First Reading: 2 Kings 4:42-44
Psalm: Psalm 145:10-11, 15-16, 17-18
Second Reading: Ephesians 4:1-6
Gospel Reading: John 6:1-15
Editorial Note: My deepest apologies for having been away for the last several weeks (since July 1). I have been doing a tremendous amount of traveling and continuing education this summer. I am now back on the radar! More to come in various future Potens Verbum posts about summer travels.
In the First Reading, Elisha, prophetic successor to Elijah, miraculously feeds his people in a time of famine. Notice Elisha's firm conviction that God would amply provide for the people with the meager provisions at hand. Ample, indeed! After they had eaten, there was some left over.
The Psalm today reminds us that God provides. He always gives us what we need and brings abundance out of what seems to not be enough, at least to us. The psalm refrain sung by assembly says, "The hand of the Lord, feeds us, he answers all our needs." That statement is a beatiful way for us to remember to trust in the Lord. The Lord's hand will feed us and the Lord will answer us in our time of distress. The psalm invites the gratitude tht God's people should have in the face of his providential care. The entire second stanza focuses on how God nourishes his people with food - most fitting in light of today's First Reading. The last stanza reminds us that we have only to call on God and he will hear us.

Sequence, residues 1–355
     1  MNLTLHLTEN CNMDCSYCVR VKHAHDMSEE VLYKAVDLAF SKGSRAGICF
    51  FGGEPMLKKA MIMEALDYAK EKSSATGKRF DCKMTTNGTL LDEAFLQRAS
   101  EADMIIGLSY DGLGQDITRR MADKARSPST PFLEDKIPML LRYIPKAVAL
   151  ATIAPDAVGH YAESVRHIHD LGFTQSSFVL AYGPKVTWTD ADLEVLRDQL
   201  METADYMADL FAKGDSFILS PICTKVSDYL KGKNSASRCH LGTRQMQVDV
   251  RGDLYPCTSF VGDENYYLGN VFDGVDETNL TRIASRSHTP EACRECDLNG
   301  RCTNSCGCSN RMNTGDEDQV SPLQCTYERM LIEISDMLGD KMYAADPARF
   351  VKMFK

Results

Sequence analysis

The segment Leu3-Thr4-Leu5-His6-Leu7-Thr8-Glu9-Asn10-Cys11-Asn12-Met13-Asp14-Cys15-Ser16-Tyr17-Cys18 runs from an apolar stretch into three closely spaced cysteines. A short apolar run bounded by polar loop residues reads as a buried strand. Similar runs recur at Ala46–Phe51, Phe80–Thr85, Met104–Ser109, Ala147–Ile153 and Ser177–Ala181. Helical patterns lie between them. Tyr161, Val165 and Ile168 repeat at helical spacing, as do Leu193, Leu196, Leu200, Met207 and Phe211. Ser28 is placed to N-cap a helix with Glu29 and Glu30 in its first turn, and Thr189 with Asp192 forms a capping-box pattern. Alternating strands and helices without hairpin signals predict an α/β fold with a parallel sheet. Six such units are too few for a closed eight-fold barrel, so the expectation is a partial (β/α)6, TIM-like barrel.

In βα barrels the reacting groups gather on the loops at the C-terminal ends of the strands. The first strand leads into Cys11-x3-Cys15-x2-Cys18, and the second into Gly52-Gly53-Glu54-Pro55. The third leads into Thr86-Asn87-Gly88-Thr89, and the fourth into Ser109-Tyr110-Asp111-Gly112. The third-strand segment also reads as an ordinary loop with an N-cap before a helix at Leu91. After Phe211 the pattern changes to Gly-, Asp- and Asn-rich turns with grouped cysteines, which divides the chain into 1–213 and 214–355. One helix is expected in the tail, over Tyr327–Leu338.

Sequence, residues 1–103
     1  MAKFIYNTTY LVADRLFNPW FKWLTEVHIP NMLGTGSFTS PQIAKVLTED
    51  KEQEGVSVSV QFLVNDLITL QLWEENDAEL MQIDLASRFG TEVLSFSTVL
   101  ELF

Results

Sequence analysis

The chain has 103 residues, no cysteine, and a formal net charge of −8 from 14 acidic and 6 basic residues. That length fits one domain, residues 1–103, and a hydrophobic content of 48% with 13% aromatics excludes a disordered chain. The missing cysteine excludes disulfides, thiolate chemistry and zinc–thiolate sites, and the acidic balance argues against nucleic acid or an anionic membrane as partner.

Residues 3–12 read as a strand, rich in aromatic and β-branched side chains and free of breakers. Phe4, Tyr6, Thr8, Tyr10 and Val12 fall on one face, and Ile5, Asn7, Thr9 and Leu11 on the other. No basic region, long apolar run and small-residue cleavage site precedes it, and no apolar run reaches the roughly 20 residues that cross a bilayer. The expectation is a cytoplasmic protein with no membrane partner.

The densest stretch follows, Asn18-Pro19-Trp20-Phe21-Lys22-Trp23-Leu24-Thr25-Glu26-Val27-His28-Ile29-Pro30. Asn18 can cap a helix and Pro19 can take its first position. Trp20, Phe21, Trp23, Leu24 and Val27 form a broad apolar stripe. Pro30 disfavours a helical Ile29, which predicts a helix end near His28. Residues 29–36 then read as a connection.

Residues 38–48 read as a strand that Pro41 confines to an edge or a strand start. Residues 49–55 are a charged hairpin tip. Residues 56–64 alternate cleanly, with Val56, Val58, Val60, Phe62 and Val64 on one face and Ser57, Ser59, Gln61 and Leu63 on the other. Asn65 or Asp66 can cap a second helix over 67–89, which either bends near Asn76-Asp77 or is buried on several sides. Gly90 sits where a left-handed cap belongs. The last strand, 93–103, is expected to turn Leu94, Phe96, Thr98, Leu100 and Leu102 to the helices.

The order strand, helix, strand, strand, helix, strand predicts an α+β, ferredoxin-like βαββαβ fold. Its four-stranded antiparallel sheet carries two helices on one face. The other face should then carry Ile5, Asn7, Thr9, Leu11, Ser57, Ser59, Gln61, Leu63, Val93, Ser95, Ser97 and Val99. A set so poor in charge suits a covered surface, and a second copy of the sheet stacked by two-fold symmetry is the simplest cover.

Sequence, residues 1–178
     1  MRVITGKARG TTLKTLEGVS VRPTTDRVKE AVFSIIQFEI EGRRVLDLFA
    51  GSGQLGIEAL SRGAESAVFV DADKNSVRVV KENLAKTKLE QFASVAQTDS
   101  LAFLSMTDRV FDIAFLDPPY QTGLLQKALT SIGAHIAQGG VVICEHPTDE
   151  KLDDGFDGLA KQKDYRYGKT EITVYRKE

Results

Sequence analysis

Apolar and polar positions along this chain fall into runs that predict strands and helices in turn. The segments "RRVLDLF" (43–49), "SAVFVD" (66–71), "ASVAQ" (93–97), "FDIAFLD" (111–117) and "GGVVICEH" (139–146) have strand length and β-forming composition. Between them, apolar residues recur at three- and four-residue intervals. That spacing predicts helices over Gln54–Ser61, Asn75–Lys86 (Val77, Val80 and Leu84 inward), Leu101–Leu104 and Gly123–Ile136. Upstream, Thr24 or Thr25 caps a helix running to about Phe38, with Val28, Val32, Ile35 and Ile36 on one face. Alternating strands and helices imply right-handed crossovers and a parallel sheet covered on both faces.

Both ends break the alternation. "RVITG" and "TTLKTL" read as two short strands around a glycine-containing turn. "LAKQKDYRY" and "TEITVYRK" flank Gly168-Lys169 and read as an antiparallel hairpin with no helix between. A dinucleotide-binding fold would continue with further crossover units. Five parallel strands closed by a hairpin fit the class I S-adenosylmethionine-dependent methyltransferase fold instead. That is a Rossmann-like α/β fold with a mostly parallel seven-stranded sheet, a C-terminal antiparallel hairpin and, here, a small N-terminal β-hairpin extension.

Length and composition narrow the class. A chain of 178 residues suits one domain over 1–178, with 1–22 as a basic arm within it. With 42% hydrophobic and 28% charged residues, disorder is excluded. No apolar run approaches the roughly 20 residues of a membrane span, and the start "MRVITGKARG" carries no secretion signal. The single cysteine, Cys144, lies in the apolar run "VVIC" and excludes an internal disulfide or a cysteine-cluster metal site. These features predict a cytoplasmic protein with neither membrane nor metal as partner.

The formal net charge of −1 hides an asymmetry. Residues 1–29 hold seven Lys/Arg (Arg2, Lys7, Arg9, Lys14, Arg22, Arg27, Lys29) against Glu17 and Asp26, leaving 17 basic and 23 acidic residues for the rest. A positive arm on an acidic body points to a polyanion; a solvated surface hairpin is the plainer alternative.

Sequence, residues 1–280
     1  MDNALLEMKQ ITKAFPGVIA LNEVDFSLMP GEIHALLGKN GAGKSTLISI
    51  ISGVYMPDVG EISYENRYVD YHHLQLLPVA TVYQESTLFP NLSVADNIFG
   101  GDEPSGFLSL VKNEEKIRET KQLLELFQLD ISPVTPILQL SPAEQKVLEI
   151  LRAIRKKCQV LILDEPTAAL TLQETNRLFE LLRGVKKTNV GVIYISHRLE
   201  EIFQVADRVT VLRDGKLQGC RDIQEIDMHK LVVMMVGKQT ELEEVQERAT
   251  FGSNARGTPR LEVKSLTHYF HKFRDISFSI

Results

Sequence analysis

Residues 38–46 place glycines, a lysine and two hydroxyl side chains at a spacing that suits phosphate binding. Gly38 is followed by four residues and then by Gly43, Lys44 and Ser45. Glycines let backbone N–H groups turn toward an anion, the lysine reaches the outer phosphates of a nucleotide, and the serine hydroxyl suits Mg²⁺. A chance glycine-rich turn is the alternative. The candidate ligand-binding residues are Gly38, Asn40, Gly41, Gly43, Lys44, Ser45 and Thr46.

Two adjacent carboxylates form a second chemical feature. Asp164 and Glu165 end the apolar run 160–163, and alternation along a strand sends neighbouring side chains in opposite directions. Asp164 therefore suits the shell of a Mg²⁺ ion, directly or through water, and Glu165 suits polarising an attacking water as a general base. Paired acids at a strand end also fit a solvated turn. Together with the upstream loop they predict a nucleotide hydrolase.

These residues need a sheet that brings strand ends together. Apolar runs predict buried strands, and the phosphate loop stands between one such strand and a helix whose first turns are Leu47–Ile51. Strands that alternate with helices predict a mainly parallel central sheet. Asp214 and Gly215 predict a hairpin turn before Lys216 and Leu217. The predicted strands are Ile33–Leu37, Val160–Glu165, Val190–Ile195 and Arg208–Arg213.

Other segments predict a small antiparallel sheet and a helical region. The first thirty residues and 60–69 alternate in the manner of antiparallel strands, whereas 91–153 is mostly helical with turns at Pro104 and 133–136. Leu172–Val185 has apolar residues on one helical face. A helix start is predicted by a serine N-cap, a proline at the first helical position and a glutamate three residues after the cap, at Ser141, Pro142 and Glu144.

In today's Second Reading, Paul speaks directly to the nature of the Christian vocation, spelling out for his readers not only what it is to which they are called, but also, and perhaps most importantly here, how they are to live in a "worthy" manner. The emphasis is on unity, with one occuring seven times in the space of six verses, not counting the synonymous word unity. Believers have a choice as to how they respond to others.
Today's Gospel describes Jesus as Prophet - a title or description not commonly thought of, perhaps. He is one who speaks and acts in the name of God, as the sign of the miraculous feeding of the multitude attests. Several parallels can be found with the First Reading: the barely loaves, the objection by one of the followers, the abundance left over. Note the Eucharistic language: Jesus "took," "gave thanks," and "dsitributed" (John 6:11) Do we recognize our own Eucharistic celebrations as occassions of being fed by Jesus?
We have consumed, O Lord, this divine Sacrament, the perpetual memorial of the Passion of your Son; grant, we pray, that this gift, which he himself gave us with love beyond all telling, may profit us for salvation. Through Christ our Lord.
(Prayer after Communion, 17th Sunday in Ordinary Time, Third Edition of the Roman Missal, 2010.)